I hate to say I told you so

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clontaago

First Grader
KEVIN Rudd has surged in popularity despite a week of reports about his jaunt to a strip club and a record bumper surplus by the Howard Government.

The Labor Party now leads the Government by an extraordinary 14 points on a two-party preferred vote in the latest Herald Sun/Galaxy poll - a result that would see a landslide ALP win if repeated at the coming election.

Instead of damaging Mr Rudd's standing, revelations of a visit to the strip club appear to have helped him, with 85 per cent of voters polled saying it showed he was "a normal bloke".

A third said he was unlucky to be caught out. Just 10 per cent said it showed poor morals - and opinion was almost universal with male and female voters taking a similar view.

However in more bad news for the Howard Government, its economic credentials have taken a battering after Treasurer Peter Costello unveiled a $17 billion surplus last week.

Rather than attributing the surplus to good economic management, 51 per cent of those polled believe the Government accumulated its surplus by setting taxes too high.

Even 29 per cent of Coalition voters said the surplus had been achieved by excessive taxing.

Just 32 per cent of voters overall gave the Government credit for building the surplus through good economic management.

The Coalition's primary vote has shrunk to 39 per cent - down three points on last month - while Labor's primary vote has shot up three points to 47 per cent.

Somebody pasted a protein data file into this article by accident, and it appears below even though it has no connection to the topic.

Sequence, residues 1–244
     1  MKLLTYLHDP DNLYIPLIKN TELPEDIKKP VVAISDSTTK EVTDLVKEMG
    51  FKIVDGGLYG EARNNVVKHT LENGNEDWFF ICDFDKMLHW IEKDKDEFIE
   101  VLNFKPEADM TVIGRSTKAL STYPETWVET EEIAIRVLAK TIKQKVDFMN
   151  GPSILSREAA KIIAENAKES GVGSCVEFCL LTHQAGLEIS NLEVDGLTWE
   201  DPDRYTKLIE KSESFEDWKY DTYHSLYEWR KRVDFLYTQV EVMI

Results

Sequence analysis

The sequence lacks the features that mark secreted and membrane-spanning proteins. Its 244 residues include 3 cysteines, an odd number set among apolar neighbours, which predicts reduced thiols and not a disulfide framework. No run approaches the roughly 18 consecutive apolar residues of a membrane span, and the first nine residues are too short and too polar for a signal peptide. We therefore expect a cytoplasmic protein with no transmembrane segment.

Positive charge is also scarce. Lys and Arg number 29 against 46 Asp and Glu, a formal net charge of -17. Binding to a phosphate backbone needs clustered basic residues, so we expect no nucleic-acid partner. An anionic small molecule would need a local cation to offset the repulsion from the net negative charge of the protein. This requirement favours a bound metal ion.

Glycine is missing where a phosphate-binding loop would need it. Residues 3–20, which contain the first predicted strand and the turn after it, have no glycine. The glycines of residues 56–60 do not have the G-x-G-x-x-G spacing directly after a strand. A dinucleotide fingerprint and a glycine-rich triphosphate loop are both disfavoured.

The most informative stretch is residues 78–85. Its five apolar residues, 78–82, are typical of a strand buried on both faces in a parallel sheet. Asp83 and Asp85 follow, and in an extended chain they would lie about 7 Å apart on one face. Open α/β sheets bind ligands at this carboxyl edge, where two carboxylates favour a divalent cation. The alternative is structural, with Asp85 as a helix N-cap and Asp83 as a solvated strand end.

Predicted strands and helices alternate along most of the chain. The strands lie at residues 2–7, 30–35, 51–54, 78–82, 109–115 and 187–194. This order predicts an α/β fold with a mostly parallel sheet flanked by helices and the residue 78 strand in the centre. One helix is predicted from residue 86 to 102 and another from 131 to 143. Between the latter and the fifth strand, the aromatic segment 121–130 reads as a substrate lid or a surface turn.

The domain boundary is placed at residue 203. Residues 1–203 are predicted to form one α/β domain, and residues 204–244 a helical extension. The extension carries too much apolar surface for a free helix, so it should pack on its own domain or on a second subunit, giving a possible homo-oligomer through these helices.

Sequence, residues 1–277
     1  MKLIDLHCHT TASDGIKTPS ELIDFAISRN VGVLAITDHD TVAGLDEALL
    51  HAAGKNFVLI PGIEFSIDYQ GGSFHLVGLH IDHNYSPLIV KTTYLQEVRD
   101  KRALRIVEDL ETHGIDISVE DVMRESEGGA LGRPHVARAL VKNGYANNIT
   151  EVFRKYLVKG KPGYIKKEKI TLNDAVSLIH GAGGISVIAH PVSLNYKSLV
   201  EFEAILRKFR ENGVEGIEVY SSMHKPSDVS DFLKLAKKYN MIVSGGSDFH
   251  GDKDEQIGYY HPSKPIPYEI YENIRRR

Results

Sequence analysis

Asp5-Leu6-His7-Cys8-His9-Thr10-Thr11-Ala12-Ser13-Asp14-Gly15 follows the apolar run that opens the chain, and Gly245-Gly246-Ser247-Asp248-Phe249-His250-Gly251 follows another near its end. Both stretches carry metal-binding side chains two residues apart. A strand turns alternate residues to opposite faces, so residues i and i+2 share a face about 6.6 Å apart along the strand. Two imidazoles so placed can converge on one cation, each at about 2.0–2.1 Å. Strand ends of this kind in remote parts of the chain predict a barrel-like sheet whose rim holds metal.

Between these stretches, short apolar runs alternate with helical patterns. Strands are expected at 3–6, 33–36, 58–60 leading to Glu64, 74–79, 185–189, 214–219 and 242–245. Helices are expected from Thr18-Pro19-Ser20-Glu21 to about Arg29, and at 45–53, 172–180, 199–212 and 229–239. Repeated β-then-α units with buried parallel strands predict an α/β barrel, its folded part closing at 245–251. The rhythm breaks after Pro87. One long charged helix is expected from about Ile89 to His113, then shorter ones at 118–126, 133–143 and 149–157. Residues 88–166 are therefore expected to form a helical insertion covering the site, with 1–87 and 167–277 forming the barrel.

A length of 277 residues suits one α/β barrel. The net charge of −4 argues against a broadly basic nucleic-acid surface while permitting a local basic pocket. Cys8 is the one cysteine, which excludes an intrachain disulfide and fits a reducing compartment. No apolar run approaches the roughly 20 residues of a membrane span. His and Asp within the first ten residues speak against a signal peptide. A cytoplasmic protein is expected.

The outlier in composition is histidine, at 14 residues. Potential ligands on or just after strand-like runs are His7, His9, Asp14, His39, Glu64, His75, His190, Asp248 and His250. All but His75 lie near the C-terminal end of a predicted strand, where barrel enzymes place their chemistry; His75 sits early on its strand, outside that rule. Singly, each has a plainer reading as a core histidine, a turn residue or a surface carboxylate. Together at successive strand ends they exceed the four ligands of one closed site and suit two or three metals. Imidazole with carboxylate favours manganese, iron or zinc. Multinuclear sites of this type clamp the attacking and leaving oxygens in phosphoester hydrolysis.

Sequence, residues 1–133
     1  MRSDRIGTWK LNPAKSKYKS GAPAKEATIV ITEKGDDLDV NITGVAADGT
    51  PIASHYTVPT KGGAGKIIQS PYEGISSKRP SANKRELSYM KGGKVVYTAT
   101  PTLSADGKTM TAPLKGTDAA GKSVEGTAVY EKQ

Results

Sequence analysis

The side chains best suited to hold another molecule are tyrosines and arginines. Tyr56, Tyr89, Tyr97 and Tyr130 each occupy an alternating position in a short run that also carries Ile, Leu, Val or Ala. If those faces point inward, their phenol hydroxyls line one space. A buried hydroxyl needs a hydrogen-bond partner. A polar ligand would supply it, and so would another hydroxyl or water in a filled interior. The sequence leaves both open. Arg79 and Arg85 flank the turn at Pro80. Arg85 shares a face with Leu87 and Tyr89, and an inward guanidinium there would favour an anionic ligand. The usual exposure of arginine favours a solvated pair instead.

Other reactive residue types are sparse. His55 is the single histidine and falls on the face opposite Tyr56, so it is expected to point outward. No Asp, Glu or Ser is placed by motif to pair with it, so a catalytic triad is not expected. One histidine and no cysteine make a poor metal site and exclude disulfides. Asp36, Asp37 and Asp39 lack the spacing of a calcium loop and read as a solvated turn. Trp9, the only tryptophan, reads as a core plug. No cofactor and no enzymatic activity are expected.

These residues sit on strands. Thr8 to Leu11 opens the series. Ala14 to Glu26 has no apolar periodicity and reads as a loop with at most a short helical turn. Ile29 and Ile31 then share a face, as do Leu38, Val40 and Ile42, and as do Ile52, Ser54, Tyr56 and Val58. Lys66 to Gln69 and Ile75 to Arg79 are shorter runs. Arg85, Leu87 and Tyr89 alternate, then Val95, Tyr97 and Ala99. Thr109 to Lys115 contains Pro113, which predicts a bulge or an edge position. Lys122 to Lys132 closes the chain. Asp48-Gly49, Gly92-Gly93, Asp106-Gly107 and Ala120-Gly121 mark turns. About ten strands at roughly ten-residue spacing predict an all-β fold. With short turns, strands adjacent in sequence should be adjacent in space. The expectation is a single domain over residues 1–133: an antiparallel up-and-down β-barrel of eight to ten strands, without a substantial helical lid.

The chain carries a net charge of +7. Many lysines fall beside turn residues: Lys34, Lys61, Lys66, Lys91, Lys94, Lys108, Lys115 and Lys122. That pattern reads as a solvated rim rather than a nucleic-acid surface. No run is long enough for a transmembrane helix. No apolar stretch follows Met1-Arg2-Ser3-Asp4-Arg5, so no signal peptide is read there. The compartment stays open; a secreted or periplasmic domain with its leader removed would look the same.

Support for the Greens and other minor parties was largely unchanged.

On a two-party preferred vote, the Labor Party now holds a 57-43 point lead over the Coalition - the overwhelmingly dominant position it held in April-May.

Over recent months the Galaxy poll has shown the Coalition clawing back support from Labor, but the weekend's poll shows those gains may have been wiped out.

The Government had hoped its strong surplus and the recent international market turmoil might boost its stocks with voters wary of Labor's inexperience on economic management.

However Galaxy Research pollster David Briggs said the impact of the recent rate rise weighed more heavily on voters than the strip club visit.

"The poll suggests that voters have been able to distinguish between issues of substance and non-issues, with the Government taking a hit on its economic credentials," he said.

Voters are also cynical about attempts by the Government to buy its way to an election victory with just 5 per cent saying that was the best way to spend the $17 billion surplus.

By contrast, 95 per cent said it should be spent on hospitals and schools, 72 per cent said spend it on infrastructure, 66 per cent said it should be given back to taxpayers as tax cuts, and 56 per cent said it should go to the states.

The Galaxy phone poll of 1004 voters was taken over the weekend.

Prime Minister John Howard yesterday called on Labor to reveal where it would cut government expenditure to pay for its promises.

Opposition treasury spokesman Wayne Swan earlier accused the Government of failing to be prudent in making election spending promises.

"Its approach has been to hoard the money and then to throw it at the electorate just before an election," he said.

Mr Howard used his weekly radio address to hit back at Mr Swan and accuse Labor of playing a "double dishonest game with the public".

"While Mr Swan fails to acknowledge that Labor's own post-Budget commitments exceed $4.6 billion, the weekend attack raises an obvious question," he said.

"If Mr Rudd has now decided to oppose the Government's commitments, which of them will be axed if Labor wins government?"
 

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